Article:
Jackson, Jazz Vibraphonist, Dies at 76
By BEN RATLIFF
Milt Jackson, the jazz vibraphonist who was a
member of the Modern
Jazz Quartet for 40 years and was one of the premier improvisers
in jazz with a special brilliance at playing blues, died on Saturday
at St. Luke's-Roosevelt Hospital in Manhattan. He was 76 and lived
in Teaneck, N.J.
The cause was liver cancer, said his daughter, Chyrise Jackson.
All the best jazz musicians know how to take
their time, and Jackson was no
different. Originally a singer in a Detroit gospel quartet, he created a new sound in the 1940's by slowing down the motor on his Deagan Vibraharp's oscillator to a third of the speed of Lionel Hampton's; a result,
when he chose to let a sustained note ring, was a rich, warm, smoky
sound, with a vibrato that approximated his own singing.
"He came closer than anyone else on the
instrument to making it sound like the human voice," said the young vibraphonist Stefon Harris yesterday.
"It's a collection of metal and iron, and we
don't have the ability to bend notes
and make vocal inflections like a saxophone. But Milt played the instrument
in the most organic way possible -- with a warm, rich sound. He
set a precedent that this instrument can speak beautiful things, and that
it's not just percussive."
Jackson, who was born in Detroit, had become an
impressively broad musician by the
middle of his teen-age years. He had perfect pitch, and he
began teaching himself guitar at the age of 7, started piano lessons at 11
and in high school played five instruments: drums, tympani, violin, guitar
and xylophone; he also sang in the choir. By the age of 16, he had picked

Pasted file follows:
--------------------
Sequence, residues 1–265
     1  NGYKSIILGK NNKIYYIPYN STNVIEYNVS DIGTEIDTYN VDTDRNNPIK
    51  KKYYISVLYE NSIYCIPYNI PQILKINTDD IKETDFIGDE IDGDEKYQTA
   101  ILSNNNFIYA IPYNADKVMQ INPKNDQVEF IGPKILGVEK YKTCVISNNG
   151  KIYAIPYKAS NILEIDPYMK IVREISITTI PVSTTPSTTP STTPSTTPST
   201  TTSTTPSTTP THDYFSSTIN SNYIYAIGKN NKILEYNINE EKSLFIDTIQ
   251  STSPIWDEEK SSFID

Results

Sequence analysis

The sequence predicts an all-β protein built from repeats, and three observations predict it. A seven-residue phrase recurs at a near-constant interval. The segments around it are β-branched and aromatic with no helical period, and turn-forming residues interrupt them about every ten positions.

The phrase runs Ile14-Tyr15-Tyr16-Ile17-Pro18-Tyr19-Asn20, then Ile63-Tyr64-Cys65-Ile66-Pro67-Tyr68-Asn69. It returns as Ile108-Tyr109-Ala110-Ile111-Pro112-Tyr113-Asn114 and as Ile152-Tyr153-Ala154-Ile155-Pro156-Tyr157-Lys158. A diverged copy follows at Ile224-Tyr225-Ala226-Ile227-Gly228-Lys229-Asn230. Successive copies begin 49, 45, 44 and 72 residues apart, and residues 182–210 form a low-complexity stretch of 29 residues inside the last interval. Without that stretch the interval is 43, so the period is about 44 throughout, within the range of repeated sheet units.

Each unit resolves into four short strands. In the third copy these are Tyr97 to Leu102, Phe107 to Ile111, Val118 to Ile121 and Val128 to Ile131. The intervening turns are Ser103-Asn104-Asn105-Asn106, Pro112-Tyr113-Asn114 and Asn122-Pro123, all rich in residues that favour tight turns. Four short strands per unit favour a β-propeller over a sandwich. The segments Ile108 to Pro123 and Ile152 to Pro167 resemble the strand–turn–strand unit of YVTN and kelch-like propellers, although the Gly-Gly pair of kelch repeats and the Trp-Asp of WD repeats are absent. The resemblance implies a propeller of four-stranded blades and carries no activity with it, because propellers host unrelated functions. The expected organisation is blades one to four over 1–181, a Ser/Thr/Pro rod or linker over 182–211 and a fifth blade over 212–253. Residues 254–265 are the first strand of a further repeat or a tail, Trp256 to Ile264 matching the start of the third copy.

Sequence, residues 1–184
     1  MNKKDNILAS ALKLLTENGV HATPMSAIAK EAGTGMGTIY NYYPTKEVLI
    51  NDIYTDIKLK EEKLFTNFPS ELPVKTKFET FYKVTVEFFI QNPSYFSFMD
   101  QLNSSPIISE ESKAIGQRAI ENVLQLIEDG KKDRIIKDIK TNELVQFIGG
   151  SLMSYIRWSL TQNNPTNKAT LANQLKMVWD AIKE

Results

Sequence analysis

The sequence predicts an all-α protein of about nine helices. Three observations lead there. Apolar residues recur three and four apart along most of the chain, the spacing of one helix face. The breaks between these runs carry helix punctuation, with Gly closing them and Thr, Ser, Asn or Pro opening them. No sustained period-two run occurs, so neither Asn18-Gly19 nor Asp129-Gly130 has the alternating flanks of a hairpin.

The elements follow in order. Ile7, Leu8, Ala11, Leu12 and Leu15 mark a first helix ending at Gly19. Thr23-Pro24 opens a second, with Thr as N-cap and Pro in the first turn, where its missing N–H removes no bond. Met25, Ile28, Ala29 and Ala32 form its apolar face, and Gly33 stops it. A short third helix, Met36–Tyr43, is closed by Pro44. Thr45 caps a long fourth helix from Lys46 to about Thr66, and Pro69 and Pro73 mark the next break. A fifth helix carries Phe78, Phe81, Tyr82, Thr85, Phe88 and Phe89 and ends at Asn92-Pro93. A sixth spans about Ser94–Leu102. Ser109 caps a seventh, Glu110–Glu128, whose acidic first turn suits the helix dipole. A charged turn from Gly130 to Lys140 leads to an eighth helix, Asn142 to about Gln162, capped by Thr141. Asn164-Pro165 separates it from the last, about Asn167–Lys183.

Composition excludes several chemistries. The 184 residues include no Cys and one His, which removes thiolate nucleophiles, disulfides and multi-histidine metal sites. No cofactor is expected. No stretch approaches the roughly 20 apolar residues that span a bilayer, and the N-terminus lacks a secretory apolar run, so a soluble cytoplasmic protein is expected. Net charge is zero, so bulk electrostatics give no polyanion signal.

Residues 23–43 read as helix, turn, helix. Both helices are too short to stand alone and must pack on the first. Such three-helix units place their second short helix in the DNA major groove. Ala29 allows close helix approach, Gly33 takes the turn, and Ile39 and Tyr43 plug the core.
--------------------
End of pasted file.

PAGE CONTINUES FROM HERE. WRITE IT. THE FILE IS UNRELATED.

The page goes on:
up the vibraphone as well, encouraged by a music teacher, and sang
tenor in a popular gospel quartet called the Evangelist Singers as well as beginning his jazz career, playing vibraphone with Clarence Ringo and
the George E. Lee band.
Out of high school, he almost joined Earl
Hines's big band, but his draft notice
intervened. In 1944, back in Detroit after two years of overseas military
service, he set up a jazz quartet called the Four Sharps. (He admitted
that he got his nickname, Bags, from the temporary furrows under
his eyes incurred by a drinking binge after his release from the Army.)
Dizzy Gillespie saw the quartet at a Detroit bar on a swing through
the Midwest, and called upon Jackson in 1945 to join his band in New
Jackson's style, then and later, came from
Charlie Parker, rather than Hampton,
his most prominent precursor on the instrument; he not only tried
to achieve a hornlike legato with his mallets, but he adopted many of Parker's
rhythmic traits as well. He was the first bona fide bebop musician
on the vibraphone, and became one of the prides of Gillespie's own
Gillespie also brought him to Los Angeles to
fill out his sextet at Billy Berg's
club, hedging against the probability that Parker, who was in the band
and at the low point of his heroin addiction, would fail to show up.
Back in New York in 1946, Jackson recorded some
of bebop's classics with Gillespie's
orchestra -- "A Night in Tunisia," "Anthropology" and "Two
Bass Hit." Jackson, the pianist John Lewis, the bassist Ray Brown and
the drummer Kenny Clarke were the rhythm section of Gillespie's band.
"Dizzy had a lot of high parts for the brass in that group," remembered
Brown. "So he said, 'I have to give these guys' lips a little rest